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A nursing master’s student explains her research to a visiting professor at the annual poster competition held by the Manitoba Centre for Nursing and Health Research.

Nursing master’s student Adebusola Adekoya explains her research to visiting nursing professor Dr. Sally Thorne at the annual poster competition held by the Manitoba Centre for Nursing and Health Research.

Go-to Research Centre

March 11, 2021 — 

In 2020, the College of Nursing celebrated the 35th anniversary of its Manitoba Centre for Nursing and Health Research (MCNHR), a unit that has grown from small-scale beginnings into a thriving catalyst for collaborative nursing research.

“We respond to over 2,000 requests for information and services a year, which, I think, shows we are a go-to place for research in Manitoba,” says Susan McClement [MN/93, PhD/01] associate dean, research at the College of Nursing.

The centre currently supports 28 researchers in the college, including a Tier 1 Canada Research Chair, providing funding, consultation and other resources.

“Right now we have three researchers with prestigious chair positions and have had 14 chairs awarded to eight different individuals since 2000,” McClement says.

Since 2014 alone, MCNHR researchers have received 131 grants and career awards totaling more than $9.9 million in research funding.

The MCNHR was founded in 1985 as the Manitoba Nursing Research Institute by the late Dr. Helen Glass [Cert.Nurs.(T&S)/58] when she was director of what was then called the School of Nursing.

“We owe gratitude to Dr. Glass for her vision in understanding the need for infrastructure to support nursing research and scholarship,” McClement says.

As part of her associate dean portfolio, McClement assumed the role of director of the MCNHR in 2018, following the lead of seven previous leaders, starting with Dr. Lesley Degner [BN/69], now a distinguished professor emerita.

Senior research manager Diane Cepanec [BA/94, MA/99] has worked with most of those leaders since she started with the centre 20 years ago. “Each of them helped shape what the MCNHR is today and has been an amazing leader and mentor,” says Cepanec.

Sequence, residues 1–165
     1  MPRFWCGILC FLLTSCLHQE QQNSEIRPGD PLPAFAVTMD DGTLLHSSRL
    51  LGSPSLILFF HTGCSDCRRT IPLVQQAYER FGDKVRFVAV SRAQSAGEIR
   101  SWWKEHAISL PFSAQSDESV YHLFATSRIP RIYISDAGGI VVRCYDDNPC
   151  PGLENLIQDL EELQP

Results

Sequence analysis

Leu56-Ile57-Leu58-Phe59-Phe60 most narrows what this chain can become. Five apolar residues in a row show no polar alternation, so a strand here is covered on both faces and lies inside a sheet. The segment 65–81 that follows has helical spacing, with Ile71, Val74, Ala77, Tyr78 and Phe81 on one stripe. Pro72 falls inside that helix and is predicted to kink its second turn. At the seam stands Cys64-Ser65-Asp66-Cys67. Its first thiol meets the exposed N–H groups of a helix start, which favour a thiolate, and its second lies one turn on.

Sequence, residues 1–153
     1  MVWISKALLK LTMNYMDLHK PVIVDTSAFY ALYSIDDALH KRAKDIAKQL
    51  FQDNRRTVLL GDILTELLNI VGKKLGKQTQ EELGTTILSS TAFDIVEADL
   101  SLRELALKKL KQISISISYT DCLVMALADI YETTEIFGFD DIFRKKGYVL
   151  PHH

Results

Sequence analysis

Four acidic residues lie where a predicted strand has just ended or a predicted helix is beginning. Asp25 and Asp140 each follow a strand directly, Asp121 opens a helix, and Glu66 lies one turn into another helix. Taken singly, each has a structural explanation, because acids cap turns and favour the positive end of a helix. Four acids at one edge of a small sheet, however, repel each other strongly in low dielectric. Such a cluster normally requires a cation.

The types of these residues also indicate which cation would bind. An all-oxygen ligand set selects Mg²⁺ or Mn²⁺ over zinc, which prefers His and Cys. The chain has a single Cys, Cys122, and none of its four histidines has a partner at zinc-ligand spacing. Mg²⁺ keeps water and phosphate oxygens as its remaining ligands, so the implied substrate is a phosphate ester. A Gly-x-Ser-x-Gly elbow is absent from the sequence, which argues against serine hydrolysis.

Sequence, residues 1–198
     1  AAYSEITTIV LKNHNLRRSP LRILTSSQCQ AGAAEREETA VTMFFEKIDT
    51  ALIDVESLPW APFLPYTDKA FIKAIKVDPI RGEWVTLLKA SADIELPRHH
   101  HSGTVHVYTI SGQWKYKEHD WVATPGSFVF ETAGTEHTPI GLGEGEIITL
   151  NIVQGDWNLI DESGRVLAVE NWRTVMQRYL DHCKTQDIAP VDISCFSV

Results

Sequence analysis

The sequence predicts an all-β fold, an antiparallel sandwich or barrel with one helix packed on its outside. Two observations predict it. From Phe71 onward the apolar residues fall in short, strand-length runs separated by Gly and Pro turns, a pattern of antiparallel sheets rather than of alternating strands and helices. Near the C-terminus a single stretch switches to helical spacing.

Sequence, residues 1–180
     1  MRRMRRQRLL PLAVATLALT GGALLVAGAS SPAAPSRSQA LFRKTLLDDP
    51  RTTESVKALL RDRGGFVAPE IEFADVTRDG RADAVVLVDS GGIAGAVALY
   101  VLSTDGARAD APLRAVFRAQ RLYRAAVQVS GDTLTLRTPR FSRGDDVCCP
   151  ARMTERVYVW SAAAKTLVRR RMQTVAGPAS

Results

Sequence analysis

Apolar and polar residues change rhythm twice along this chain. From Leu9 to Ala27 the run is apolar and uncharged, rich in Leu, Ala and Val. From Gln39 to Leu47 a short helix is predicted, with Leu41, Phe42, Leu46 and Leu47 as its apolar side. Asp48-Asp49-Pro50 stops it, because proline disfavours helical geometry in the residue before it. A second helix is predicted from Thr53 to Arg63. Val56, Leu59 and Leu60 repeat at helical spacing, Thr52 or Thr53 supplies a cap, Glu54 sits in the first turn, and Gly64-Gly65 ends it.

Hired as a research coordinator in 2000, Cepanec has seen the centre‘s growth first-hand. “We went from offering a single grant valued at $2,000 in 1998 to awarding a total of 12 grants worth more than $60,000 in 2019,” she says.

Dr. Annette Schultz, associate professor, has been a researcher with the College of Nursing for 15 years, with a focus on health services, policy and Indigenous health. She says receiving support from MCNHR staff like Cepanec allows her to keep her focus on writing, crafting ideas and building relationships.

“All my budgets have been done in collaboration with Diane. She is so seasoned at putting these things together,” Schultz says. “As I tell more junior staff, she has read almost every grant that has gone through the college. She sees what gets funded and want doesn’t. To me that’s invaluable.”

Dr. Donna Martin [BN/91, MN/97], associate dean of graduate programs, also praised the centre’s staff, including James Plohman [B.Sc.(Hons.)/97, M.Sc./00], a research coordinator who has been with the centre for 12 years.

“I remember early on submitting an application to the research ethics board and getting this long response with 24 items I’d need to address before it could be approved. I was beside myself,” Martin says. “I went to the centre and James’ positivity dissipated all of that angst in me.”